Our movies tend to romanticize the tea gardens a lot. Actors running through the gardens, chasing each other or hand-in-hand, love blooming in the air, and then the sunflowers shaking sometimes. We had a Geography teacher who was from West Bengal and she would tell us a lot about the tea gardens of Darjeeling. The thing I remember the most from her stories was “Dui Pate, Ek Suiro”, meaning ‘Two leaves, one bud’. She used to sing a folk song that she said the tea plucking women would sing as they went about plucking tea leaves and it was always about the precision. She would describe the hardships of such meticulous hand-picking. So impressed I was with those tea-plucking women and those baskets that they would have tied from their head that I would carry buckets (empty, of course!), sling bags, anything with a long enough handle on my forehead like those tea basket carrying women. I would even put a dupatta or a sheet on my head and pretend I was plucking tea leaves when nobody was watching, singing “Dui Pate, Ek Suiro”, that’s all I managed to remember from whatever my teacher sang. I should have been like 12 years old then, I think.
Few years later, in 2005, the beautiful Hindi movie – Parineeta released. My family was never big on watching movies in the theatres, so I first the movie much after it had released when it premiered on Cable TV. It was a musical romantic drama, a film adaptation of the 1914 Bengali novella by the same name – Parineeta, written by Sarat Chandra Chattopadhyay. After watching the movie I looked for the novella, but couldn’t find it in my school library. However, I found a translation online many years later and it is indeed quite touching. The music of the movie was memorable, something I still love listening to. The lyrics are as beautiful as the movie and the original novella. The most striking thing for me in the movie that I remember down to the minutest detail are the tea gardens that are shown for just a few minutes on and off once or twice in the movie. The story takes place in 1962 Kolkata. Saif Ali Khan takes a few business trips to Darjeeling, where the tea gardens get featured. I found them so enchanting, something I took an instant fancy to. Since then, I have seen so many more movies – old and new – that have featured the tea gardens. Some scenes stay with me, some not so much.
The first time I saw tea gardens for real, was in 2016. I was backpacking through Kerala on the usual tourist circuit – from Munnar to Kovalam, stopping over at Thekkady and Allepey in between. The Kanan Devan tea gardens are vast and you can look in any direction, you’ll find tea growing around. I distinctly remember a narrow drive-able path that going off a hill, down onto the edge of the hill, with a big signboard at the start of the road – Kanan Devan Tea Estate ‘Manager’s Bungalow’. After a few twists and turns, I saw that bungalow, and I think if I ever got an offer to work on an estate like that and live in a bungalow like that, I would probably be halfway through packing my bags before I heard the whole offer. What I would do there and how I would even make it work, I have no idea. I had a packed schedule on that trip, and I truly regret not having gone inside the plantations, taken a tour, gotten to know it better. I had a lot of ground to cover in the time I had, and didn’t get a chance to do it. I am definitely going to make another trip down to Munnar and do everything I didn’t do last time. The tea gardens in the initial stretch of the Munnar-Thekkady road are also exceptionally beautiful. In a lot of places there was no fencing along the hillsides, and I have seen tourists go deep into the bushes to take pictures and stuff, a lot of them damaging the plants deliberately or unknowingly. This, I feel, is heartbreaking and people need to be more mindful of these things. That aside, my own memories of that drive, those sights and smells are unforgettable.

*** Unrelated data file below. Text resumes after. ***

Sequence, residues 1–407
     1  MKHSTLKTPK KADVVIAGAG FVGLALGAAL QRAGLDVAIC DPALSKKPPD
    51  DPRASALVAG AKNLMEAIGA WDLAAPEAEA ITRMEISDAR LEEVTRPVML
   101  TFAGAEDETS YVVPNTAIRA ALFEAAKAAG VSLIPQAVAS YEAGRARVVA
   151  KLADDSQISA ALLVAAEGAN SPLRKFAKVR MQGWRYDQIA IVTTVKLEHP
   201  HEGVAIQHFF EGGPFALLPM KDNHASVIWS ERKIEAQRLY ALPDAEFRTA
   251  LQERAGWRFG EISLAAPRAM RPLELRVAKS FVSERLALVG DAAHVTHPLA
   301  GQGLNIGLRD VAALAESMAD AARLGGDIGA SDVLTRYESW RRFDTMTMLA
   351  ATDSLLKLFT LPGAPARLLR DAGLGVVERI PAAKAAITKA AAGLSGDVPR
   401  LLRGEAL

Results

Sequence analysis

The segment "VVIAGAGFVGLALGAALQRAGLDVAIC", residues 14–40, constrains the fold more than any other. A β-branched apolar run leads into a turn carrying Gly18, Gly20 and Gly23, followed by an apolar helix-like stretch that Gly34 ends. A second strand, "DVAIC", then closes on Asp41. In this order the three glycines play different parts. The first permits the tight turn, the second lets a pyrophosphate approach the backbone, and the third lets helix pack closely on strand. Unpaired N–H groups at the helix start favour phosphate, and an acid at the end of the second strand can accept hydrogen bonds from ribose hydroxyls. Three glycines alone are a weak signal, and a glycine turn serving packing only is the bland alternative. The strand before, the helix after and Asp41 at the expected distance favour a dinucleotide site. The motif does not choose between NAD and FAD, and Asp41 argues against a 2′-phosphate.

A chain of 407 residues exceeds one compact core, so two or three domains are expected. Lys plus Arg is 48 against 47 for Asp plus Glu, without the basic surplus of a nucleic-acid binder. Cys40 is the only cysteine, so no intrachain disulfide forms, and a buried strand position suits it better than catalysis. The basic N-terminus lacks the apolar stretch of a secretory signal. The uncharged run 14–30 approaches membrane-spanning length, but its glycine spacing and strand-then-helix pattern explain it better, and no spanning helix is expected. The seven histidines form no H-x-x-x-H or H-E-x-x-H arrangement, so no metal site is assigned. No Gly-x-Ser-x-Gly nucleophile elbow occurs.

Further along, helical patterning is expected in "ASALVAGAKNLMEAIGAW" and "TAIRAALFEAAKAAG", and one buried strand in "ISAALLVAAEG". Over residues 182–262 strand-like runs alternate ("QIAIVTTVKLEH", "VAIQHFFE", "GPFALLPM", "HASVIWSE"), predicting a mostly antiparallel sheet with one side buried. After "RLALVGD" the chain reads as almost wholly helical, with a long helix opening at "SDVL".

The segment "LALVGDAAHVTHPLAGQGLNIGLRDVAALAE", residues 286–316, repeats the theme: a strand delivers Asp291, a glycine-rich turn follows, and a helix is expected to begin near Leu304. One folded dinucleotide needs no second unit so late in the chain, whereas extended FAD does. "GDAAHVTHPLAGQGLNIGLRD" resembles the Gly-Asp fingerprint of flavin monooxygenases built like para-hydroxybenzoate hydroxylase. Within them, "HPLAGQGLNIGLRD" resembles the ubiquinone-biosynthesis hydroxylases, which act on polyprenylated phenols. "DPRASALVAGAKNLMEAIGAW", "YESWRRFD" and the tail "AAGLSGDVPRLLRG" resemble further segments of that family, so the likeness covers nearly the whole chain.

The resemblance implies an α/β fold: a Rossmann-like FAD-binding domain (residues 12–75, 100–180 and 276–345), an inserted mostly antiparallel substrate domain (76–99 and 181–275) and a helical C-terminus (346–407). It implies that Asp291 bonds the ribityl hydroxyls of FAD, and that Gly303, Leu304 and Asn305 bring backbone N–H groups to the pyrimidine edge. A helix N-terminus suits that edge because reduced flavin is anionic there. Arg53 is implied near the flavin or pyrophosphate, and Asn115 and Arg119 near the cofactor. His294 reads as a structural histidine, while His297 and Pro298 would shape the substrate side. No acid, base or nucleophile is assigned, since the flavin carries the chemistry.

Sometime in 2019, when I wanted to plan a good big trip, something monumental to mark my turning 30. I almost booked my tickets for Sri Lanka and planned it entirely around the tea plantations up north, especially considering the exotic train rides through the tea estates to Nuwara Elliya. But going international solo gave me cold feet, not knowing the local language scared me a bit more, budgets got a bit tight after some things that happened. I also had Darjeeling on my list, I had researched up a whole itinerary revolving around the iconic toy train ride and the tea gardens. I’d researched hotels to stay at, I had flight alerts for flights to Kolkatta and Bagdogra, though, sadly that didn’t work out either. Eventually I landed in Kovalam and learnt surfing, while covering Ponmudi, Meenmutty, and a few other spots around. Not a bad adventure, but I still dream about that train ride I want to take in Sri Lanka. That should be one super adventurous trip, I think. I’ll get around to doing it someday. Trading a full time job and all my travel dreams can be challenging but all in good time.
I see pictures of tea estates and it warms my heart, they make me smile. I want to run through them like they show in our movies. I want to take out my sketch book and sketch the beauty on the hillsides covered with the efficiently pruned tea bushes. I want to sit in a balcony and eat my meals looking over the expansive tea gardens, talk to people about my love of tea gardens and share the joy. I think I would trade my city life for this any day. But I also know this is a crazy fantasy, it is obviously easier said than done, the picture is rosy only in my head, and this life would be no milk and roses but it would be tea and hills, and who knows where life takes you, isn’t it?